Griffin and the team targeted northern Zimbabwe for their work because the country fell along a climate belt similar to that of southern Brazil and India during the Late Triassic Age. "A paper about climate belts suggested this was one of the influences of dinosaurian biogeography," he said. "The idea had been knocking around in my head for a while, and when I visited Zimbabwe just to collect data at a museum, they seemed keen to collaborate."

Griffin refined his hypothesis after looking at the timing and location of bones collected in the region in the late 1980s. He then reviewed imagery available on Google Earth to identify locations to explore.

"Chris did an outstanding job figuring out a place to test his ideas about early dinosaur evolution, went there, found incredible fossils, and put it all together in a fantastic collaboration that he initiated," Sterling Nesbitt, a geoscientist at Virginia Tech and author on the study.

The research team also developed a novel data method of testing its hypothesis of climatic dispersal barriers based on ancient geography and the dinosaurian family tree. The breakdown of these barriers, and a wave of northward dispersal, coincided with a period of intense worldwide humidity, or the Carnian Pluvial Event. After this, barriers returned, tying the dinosaurs in their distinct regions for the remainder of the Triassic Period.

The team is now investigating other ideas about the broader implications this climate change had on other animal groups across Pangea during this period, Griffin said. "It's not just dinosaurs. There's mammals, lizards, turtles. A lot of our modern groups of vertebrates are starting out during the Triassic Period, but it's a very alien world compared to what we have today. Dinosaurs are just one component. What we're really looking at is the origin of our modern-day ecosystems on land and what they can tell us about where we go today."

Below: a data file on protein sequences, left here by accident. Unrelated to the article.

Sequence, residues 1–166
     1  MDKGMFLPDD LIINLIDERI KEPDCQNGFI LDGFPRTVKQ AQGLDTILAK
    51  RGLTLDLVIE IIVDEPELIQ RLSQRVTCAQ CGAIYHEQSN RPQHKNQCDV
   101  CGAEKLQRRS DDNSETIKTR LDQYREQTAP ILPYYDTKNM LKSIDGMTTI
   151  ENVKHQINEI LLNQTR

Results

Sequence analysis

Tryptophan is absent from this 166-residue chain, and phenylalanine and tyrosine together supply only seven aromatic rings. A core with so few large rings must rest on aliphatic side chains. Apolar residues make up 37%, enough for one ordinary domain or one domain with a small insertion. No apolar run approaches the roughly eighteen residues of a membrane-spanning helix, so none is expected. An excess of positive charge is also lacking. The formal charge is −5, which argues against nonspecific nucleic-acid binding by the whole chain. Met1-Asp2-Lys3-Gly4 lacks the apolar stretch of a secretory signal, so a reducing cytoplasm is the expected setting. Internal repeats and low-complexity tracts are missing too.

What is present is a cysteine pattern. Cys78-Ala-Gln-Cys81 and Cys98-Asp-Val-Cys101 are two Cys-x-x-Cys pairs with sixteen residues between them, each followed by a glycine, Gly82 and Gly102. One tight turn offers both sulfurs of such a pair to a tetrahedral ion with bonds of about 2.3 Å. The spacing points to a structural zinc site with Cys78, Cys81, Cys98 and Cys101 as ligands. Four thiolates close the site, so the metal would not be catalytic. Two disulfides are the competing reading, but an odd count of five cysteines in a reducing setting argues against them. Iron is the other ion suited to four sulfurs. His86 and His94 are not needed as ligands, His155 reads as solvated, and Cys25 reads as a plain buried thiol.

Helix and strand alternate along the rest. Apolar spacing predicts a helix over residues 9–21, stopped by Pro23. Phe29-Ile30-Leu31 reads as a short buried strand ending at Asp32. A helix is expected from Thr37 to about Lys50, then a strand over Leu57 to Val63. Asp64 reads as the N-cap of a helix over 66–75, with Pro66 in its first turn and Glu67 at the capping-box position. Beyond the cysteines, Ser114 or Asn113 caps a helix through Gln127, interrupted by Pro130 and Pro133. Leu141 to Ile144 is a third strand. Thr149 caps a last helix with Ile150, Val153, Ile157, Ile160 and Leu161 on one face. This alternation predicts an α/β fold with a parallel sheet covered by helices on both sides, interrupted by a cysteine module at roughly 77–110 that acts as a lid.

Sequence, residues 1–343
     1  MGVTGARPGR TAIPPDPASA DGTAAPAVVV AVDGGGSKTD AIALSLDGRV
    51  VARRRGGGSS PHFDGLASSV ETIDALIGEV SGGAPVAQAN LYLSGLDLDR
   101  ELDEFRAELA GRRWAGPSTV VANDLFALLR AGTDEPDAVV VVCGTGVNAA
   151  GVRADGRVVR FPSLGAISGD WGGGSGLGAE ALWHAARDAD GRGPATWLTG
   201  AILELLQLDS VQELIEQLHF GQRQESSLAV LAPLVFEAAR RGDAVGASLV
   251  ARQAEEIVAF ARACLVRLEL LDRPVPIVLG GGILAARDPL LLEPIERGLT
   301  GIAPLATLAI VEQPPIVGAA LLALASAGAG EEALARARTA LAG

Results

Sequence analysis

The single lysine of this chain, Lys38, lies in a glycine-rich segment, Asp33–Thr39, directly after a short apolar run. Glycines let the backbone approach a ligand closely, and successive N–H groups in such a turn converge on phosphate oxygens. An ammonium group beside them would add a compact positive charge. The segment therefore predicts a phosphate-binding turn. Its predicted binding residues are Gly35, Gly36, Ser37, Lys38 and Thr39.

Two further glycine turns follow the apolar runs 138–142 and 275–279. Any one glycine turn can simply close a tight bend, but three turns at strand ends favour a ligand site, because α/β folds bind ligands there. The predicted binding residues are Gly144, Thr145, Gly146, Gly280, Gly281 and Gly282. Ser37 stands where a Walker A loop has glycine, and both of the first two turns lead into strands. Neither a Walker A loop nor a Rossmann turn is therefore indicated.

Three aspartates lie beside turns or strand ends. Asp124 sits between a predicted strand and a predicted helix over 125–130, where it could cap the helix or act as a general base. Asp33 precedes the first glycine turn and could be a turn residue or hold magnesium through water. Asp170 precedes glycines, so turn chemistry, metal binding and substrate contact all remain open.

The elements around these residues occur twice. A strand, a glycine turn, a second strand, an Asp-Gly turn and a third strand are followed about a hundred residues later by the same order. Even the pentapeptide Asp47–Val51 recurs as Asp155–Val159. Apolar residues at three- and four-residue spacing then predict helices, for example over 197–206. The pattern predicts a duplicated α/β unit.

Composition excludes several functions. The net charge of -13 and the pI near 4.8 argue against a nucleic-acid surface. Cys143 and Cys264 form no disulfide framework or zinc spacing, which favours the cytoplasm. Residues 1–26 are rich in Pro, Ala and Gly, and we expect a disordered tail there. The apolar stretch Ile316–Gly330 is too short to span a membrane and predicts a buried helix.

Preparing a fossil
Credit: Zach Murphy
Griffin preparing a tibia of Mbiresaurus under a microscope in the paleo lab at Virgina Tech.

More discoveries await

Much of the Mbiresaurus specimen is being cleaned and studied at Virginia Tech, but all of the skeleton and the additional fossils will be permanently kept at the Natural History Museum of Zimbabwe in Bulawayo, Zimbabwe.

"Even without any more fieldwork, there is so much more work to do," Griffin said. "We collected dozens of skeletons that need to be prepared and described. We don't know definitively yet, but the odds are fairly good that there are other [new] species we discovered. Even if it's just the same as what has already been found in Brazil, that's also really scientifically interesting, because Zimbabwe and Brazil are so far apart.”

Griffin with students in Zimbabwe
Credit: Lucy Broderick
Griffin discussing his work and findings with students in Harare, Zimbabwe

When Griffin returned to Zimbabwe in May for a week of additional work, he gave lectures to local school groups on the findings as well as plans for future digs. There are additional sites in this region of Zimbabwe to be explored, and researchers and Zimbabwean officials are excited that future "aha!" moments await.

There is the possibility of finding the fossils of dinosaurs that are even older than M. raathi. "It would be great to be a part of the team, but it would be just as exciting if someone else found them, because either way, it's just fantastic," he said.

Along with NSF support, funding for the work was also provided by the National Geographic Society, Geological Society of America, Paleontological Society, Virginia Tech Graduate School, Virginia Tech Department of Geosciences and the Fundação de Amparo à Pesquisa do Estado de São Paulo in Brazil.

The Zimbabwe Site

About the Author

Jason Bates
Senior Technical Writer/Editor

Jason is a Senior Technical Writer/Editor in the Office of Legislative and Public Affairs, National Science Foundation/FedWriters